Judging from the number of emails Miriam and I received from reporters today, the general public wants to hear what we have to say about the project a lot more than the Ocean Cleanup does. But with the new media blitz that is going on, I admit I checked out the prototype that the Ocean Cleanup just deployed in the North Sea. I have to say that I am glad they are testing a smaller prototype before deploying the largest structure in the ocean, but I also have a lot of questions. At the risk of being called some kind of ocean-progress luddite for the umpteenth time on the internet, I am going ask them here. Hell, I might even put on my ocean-old-lady cranky pants and ask them in ALL CAPS. BECAUSE I CAN. But seriously, projects can only get better and succeed if they answer criticism so I hope the Ocean Cleanup can answer them!
Why are they using RO-BOOM oil booms?
Andrew Thaler over at Southern Fried Science pointed this out. RO-BOOMS are commercially available oil containment spill booms that have been around at least since 1988. I would assume that something is known about their durability?
Yup, definitely a RO-BOOM.
Excuse my language, BUT WHY THE F** ARE THEY BLACK?
You just spent all this money to add a custom paint job to a floating advertisement potential maritime hazard and it’s one of the least visible colors at sea. I CAN’T EVEN.
Where are the booms?
There’s gotta be a notice to mariner’s out there somewhere. In case you don’t know what this is, it’s a public announcement that you have to put out when ever you deploy anything at sea. So people don’t run over it or anything cause it’s camouflaged.
Are these the booms the 1 km deployment planned for Japan will use?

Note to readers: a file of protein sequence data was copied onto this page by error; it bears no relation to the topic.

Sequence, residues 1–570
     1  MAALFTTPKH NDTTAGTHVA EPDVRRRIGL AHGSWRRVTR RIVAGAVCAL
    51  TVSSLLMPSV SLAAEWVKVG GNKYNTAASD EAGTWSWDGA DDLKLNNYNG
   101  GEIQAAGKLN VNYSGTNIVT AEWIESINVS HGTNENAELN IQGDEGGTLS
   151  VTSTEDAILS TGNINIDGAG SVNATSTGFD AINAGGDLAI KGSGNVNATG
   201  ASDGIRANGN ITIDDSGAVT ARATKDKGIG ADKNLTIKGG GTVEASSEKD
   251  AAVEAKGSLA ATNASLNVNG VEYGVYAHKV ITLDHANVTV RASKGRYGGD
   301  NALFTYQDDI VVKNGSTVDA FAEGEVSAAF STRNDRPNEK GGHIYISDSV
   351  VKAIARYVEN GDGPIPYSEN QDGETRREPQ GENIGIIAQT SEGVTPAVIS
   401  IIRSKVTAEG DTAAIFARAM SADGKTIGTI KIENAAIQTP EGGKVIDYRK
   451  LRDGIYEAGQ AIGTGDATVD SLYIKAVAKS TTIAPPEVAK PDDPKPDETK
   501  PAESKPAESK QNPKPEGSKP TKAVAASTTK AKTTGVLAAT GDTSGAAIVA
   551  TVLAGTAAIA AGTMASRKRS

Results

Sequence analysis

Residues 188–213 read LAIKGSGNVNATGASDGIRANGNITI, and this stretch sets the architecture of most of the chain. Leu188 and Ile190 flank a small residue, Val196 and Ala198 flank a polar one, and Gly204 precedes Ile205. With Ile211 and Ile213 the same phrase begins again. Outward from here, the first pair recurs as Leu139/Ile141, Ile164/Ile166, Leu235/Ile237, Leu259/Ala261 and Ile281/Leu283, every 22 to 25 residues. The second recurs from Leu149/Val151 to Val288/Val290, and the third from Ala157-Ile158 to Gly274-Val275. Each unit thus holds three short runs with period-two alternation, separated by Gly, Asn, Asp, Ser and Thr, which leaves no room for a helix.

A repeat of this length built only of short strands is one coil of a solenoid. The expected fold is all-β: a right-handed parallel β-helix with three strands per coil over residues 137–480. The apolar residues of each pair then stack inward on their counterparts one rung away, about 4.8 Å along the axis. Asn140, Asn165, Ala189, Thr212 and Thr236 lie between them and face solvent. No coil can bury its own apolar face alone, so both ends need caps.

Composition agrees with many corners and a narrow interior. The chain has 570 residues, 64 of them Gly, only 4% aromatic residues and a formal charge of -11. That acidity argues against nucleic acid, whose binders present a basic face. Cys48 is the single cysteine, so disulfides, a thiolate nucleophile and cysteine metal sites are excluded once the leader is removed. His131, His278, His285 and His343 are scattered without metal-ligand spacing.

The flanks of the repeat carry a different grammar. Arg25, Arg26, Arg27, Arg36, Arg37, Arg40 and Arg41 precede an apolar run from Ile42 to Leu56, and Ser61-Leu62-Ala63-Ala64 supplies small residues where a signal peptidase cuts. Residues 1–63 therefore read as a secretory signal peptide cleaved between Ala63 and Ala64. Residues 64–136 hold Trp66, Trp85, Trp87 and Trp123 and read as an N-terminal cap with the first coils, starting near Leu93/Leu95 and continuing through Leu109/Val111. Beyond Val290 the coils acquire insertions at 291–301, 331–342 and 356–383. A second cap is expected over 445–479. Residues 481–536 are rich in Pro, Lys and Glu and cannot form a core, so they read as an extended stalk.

ARE THEY? I NEEDS TO KNOW. They look a lot different from the booms that were tested at the Marin Facility.
which also seems to be different than what was tested at the Deltares facility.
Do the maybe intended booms actually collect plastic?
No seriously, there seems to have been a lot of effort to test the structural stability, but no testing whether they actually collect plastic and debris. I would have liked to see them drag the barrier around a bit just to see before deploying a big and expensive mooring if it is indeed the one they are going to use. As the Feasibility study indicated, sometimes the barriers can’t collect plastic so it would be useful to know when this is.
How did they get funding EUR 0.5 Million from the Dutch Government?
Is there a public proposal? It would be great to see, especially since this is now a publicly funded project and it would be great resource for reporters interested in the project (instead of them asking Miriam and I to constantly peer review it…grumble grumble).
That’s all I got for now. Any more questions you can ask Andrew Thaler at Southern Fried Science who also has questions.